Increasingly, algorithms are shaping the way we see the world. They are being deployed to make decisions about sensitive parts of our lives, from our eligibility for a loan to the length of our sentence if we commit a serious crime. But how does algorithmic decision-making work and how do we know how decisions are made and if they are fair?
The demand for transparency, validation and explainability of automated advice systems is not new. Back in the 1980s, extensive discussions were held between proponents of rule-based systems and those based on statistical analysis, partly based on which were more transparent and how they should be evaluated. More recently, Onora O'Neill's emphasis on demonstrating trustworthiness, and her idea of 'intelligent transparency', has focused attention on the ability of algorithms to, if required, show their workings.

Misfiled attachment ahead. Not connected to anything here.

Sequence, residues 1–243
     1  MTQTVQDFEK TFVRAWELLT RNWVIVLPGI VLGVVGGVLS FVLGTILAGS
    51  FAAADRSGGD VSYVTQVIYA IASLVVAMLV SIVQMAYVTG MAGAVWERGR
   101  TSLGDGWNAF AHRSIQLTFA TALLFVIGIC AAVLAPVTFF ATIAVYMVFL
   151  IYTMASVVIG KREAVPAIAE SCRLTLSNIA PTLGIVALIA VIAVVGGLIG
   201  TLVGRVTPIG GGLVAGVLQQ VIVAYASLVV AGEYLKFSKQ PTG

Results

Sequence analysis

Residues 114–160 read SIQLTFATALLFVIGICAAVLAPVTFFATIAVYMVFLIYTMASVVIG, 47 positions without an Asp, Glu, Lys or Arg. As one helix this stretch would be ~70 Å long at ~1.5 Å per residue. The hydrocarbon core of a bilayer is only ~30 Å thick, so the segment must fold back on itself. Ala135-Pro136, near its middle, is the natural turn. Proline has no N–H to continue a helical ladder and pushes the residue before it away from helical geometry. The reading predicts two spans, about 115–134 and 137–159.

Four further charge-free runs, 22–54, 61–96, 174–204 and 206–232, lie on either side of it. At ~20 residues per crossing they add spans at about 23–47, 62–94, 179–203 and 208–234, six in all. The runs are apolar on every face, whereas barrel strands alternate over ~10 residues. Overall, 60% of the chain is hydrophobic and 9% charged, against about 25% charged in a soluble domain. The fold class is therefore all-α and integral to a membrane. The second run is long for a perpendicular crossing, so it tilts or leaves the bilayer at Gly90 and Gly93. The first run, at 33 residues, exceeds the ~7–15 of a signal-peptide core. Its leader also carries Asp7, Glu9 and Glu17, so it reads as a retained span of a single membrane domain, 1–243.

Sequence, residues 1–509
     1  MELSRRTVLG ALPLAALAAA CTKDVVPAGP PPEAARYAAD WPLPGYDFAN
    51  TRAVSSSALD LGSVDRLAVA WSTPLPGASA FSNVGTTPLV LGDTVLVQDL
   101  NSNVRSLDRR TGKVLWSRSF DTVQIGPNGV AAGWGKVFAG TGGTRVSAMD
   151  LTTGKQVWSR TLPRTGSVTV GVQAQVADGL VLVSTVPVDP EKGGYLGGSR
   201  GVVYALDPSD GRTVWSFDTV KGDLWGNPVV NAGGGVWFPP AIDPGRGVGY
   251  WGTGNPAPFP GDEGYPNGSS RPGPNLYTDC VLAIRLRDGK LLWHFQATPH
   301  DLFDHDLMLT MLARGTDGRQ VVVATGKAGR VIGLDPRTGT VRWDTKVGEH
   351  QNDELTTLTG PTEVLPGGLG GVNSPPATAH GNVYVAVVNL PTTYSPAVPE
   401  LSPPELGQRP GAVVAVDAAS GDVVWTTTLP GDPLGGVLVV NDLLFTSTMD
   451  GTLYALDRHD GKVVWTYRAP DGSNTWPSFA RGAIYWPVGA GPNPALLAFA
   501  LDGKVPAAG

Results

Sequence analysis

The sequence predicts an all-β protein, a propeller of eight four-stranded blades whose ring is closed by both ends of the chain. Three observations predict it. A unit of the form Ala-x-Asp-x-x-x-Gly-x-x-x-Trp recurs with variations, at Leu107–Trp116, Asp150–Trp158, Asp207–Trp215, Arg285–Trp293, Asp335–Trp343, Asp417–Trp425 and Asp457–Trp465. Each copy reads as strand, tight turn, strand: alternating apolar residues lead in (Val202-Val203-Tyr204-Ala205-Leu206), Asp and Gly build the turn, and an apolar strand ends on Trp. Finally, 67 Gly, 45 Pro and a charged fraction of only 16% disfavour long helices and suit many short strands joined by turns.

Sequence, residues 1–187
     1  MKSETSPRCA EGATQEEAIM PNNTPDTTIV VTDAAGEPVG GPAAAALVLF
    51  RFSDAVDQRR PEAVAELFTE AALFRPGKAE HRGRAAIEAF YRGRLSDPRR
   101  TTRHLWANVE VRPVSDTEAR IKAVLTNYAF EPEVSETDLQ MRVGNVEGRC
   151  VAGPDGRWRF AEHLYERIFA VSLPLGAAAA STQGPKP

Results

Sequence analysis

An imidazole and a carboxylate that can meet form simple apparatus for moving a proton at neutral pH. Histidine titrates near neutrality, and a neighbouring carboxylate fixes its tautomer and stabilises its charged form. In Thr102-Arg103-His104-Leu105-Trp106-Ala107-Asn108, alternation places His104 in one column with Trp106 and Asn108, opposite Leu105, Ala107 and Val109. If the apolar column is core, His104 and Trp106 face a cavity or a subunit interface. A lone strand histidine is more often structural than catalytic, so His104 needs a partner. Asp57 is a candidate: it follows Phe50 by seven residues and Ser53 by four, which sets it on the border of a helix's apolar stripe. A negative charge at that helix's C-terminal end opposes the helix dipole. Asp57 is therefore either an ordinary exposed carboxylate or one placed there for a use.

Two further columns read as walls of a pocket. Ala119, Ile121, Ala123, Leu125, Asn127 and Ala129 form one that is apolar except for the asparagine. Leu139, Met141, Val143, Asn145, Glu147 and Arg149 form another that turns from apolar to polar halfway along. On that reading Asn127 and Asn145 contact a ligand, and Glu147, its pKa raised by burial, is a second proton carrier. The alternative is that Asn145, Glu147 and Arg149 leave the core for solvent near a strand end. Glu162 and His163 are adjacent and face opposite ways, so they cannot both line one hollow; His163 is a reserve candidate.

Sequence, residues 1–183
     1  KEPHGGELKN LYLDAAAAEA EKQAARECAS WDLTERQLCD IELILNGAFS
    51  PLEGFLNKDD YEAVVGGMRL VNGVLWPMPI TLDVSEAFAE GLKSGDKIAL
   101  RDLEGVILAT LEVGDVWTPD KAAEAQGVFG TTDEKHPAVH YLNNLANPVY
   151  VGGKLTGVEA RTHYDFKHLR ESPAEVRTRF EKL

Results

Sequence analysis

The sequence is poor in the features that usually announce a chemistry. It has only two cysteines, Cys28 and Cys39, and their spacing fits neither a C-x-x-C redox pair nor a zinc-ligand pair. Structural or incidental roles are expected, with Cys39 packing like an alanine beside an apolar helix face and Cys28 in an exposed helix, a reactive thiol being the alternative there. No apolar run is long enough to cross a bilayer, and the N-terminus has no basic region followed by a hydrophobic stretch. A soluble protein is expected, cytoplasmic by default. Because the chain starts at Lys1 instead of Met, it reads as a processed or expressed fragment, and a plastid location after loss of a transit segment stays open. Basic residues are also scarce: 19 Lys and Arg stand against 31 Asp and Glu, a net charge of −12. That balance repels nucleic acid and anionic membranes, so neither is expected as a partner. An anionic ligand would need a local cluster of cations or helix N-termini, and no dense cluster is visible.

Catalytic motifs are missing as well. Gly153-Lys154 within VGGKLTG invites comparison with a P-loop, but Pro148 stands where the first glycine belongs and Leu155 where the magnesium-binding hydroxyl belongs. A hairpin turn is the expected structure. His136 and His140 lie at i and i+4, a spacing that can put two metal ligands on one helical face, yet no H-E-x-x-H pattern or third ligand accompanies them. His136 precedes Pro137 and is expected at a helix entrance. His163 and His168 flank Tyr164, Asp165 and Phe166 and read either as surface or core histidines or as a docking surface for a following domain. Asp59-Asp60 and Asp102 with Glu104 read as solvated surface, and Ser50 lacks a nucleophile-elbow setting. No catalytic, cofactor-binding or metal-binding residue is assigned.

In this talk, Professor Spiegelhalter will argue that we should ideally be able to check (a) the basis for the algorithm, (b) its past performance, (c) the reasoning behind its current claim, (d) its uncertainty around its current claim and e) that these explanations should be open to different levels of expertise. These ideas will be illustrated by the Predict system for women choosing follow-up treatment after surgery for breast cancer, which has four levels of explanation of its conclusions.
David Spiegelhalter is Winton Professor for the Public Understanding of Risk at Cambridge University. He works to improve the way in which risk and statistical evidence are taught and discussed in society, and makes frequent media appearances. In 2017-2018 he was President of the Royal Statistical Society, and in 2011 he came 7th in an episode of Winter Wipeout.
Read more about David Spiegelhalter
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